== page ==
Links for the sources in what is becoming the 'Tiger Parent' Debate...
My wife heard part of this interview on the radio yesterday:
She told me about it, the topic intrigued me, and so I found the original source of what has become a very popular and controversial topic:
an essay, by Amy Chua, in this past weekend's Wall Street Journal:
"Chinese Mothers Are Superior" (you must remember the tongue-in-cheek nature of this title)
Can a regimen of no playdates, no TV, no computer games and hours of music practice create happy kids? And what happens when they fight back?
In today's Wall Street Journal,
the author responds to readers; thousands of comments were left on the original article's website...
Think what you will, this is very thought-provoking.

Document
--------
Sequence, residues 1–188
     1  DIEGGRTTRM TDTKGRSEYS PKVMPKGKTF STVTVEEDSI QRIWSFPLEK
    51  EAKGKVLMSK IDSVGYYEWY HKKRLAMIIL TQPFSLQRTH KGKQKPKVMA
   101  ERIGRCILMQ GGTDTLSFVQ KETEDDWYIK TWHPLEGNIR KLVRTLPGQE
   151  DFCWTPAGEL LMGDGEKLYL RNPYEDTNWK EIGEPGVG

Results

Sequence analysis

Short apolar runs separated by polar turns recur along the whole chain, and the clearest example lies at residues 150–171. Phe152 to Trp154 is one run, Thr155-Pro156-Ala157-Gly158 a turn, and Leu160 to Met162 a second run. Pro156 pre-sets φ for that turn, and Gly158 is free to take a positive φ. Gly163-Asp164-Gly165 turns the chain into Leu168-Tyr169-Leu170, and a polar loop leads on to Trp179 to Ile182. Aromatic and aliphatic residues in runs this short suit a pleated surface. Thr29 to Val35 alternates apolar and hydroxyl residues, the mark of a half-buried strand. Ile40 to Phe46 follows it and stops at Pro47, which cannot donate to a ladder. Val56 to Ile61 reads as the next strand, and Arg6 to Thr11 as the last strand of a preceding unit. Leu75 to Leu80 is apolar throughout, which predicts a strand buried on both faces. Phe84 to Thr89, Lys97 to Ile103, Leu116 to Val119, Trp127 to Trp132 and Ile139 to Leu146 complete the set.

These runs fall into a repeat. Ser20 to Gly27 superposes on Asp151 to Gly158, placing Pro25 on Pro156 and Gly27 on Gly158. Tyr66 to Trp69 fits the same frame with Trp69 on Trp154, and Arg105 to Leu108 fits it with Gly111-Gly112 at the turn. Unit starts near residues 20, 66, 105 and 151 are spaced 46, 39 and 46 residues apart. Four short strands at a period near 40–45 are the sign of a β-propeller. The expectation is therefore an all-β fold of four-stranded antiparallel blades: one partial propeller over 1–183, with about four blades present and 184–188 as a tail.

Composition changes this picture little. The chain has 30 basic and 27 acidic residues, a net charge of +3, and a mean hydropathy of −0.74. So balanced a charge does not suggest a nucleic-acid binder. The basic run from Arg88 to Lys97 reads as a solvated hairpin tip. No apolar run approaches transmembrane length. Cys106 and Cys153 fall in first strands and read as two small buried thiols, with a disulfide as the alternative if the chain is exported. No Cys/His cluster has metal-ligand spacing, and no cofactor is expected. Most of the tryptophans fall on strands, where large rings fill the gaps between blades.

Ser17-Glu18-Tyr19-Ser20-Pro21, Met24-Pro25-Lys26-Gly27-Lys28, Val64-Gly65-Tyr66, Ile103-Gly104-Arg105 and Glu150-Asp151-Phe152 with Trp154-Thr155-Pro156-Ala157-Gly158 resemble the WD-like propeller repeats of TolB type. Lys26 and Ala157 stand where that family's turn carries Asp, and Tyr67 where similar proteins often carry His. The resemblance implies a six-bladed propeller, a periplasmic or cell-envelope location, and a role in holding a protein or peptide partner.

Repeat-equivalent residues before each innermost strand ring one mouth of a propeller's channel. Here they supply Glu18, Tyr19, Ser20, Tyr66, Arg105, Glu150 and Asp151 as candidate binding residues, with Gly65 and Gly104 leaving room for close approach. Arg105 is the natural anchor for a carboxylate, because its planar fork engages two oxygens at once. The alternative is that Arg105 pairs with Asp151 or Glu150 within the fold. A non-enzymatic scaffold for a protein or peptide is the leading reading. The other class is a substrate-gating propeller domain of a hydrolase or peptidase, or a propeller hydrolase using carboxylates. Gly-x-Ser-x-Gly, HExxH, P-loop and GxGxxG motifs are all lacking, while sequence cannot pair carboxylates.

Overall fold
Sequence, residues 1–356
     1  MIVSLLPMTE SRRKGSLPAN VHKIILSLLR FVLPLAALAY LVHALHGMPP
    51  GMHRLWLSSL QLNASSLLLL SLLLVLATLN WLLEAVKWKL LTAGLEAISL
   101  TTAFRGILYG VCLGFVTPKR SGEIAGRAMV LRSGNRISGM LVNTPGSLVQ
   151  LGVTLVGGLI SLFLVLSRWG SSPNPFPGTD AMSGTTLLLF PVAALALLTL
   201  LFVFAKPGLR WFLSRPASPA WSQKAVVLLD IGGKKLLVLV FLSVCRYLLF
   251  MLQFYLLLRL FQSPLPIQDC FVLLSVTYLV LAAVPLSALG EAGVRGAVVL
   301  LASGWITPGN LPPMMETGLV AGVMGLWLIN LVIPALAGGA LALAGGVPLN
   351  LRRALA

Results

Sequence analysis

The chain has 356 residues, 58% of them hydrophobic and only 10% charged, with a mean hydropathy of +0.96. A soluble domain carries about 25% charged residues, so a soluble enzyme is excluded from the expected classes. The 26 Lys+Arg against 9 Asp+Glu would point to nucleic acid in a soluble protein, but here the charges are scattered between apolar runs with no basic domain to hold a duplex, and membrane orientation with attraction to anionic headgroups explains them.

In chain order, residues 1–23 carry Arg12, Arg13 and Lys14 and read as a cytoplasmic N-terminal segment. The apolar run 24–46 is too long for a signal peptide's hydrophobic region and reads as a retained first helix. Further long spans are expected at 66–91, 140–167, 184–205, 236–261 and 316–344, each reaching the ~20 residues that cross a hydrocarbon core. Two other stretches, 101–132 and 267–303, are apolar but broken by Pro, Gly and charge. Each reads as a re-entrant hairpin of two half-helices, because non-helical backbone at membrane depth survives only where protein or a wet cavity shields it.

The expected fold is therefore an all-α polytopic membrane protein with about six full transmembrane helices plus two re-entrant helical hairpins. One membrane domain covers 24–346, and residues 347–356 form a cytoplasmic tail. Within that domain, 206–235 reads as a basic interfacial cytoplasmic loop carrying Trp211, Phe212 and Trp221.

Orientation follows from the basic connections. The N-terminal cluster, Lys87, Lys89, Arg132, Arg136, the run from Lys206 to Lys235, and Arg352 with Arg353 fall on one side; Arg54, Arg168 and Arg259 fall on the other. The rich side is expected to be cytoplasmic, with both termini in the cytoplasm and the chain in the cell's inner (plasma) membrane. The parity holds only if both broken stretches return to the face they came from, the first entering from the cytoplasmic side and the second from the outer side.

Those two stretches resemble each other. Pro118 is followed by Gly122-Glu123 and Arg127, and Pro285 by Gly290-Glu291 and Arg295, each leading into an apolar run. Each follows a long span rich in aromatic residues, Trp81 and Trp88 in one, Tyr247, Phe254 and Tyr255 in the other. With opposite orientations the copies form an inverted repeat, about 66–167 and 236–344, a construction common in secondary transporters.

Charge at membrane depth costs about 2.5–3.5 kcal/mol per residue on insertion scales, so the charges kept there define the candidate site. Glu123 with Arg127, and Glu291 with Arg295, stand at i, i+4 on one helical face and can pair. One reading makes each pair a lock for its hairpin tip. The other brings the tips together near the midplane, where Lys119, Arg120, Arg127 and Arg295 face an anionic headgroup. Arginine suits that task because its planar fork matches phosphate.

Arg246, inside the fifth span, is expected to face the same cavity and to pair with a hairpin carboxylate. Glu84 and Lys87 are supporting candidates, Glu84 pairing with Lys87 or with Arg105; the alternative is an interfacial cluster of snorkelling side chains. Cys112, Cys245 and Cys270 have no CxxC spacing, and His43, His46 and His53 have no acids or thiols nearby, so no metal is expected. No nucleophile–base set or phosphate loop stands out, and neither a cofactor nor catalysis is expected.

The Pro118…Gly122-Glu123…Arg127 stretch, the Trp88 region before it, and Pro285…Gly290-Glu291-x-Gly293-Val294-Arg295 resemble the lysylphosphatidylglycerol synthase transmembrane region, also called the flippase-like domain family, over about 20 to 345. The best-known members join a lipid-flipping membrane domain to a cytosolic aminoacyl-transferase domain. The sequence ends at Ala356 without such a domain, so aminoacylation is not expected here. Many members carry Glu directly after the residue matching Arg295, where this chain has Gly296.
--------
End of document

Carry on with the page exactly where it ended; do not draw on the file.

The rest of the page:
I see the results of these differing models of parenting every day in the classroom--
it's been a decade, now, that I've been teaching...
I can't help but think, too, of my own upbringing--one Asian parent, one non-Asian parent.
Self-esteem can be over-rated.
But so is strictness-for-strictness'-sake.
Here's a review from Britain, from yesterday's Guardian.
...and from today's CNN website: http://www.cnn.com/2011/LIVING/01/13/chinese.mom.superior/index.html?hpt=C2
(Loosely related to this topic--Asian parenting, and more specifically Asian MOTHERing--
here's a joke I once heard:
"What's the first thing a Korean mother does when she finds out she's going to have a baby?"
..."She buys a piano." )
In all seriousness, though--
look at the permissive, mediocrity-praising nature of much of modern Western parenting--what is it producing?!
At the same time--the ulcer-inducing competition that is the reality of much of East Asian adolescence--do we really want to copy that here?
Less can be more--but less of what? and what 'more' do we need less of?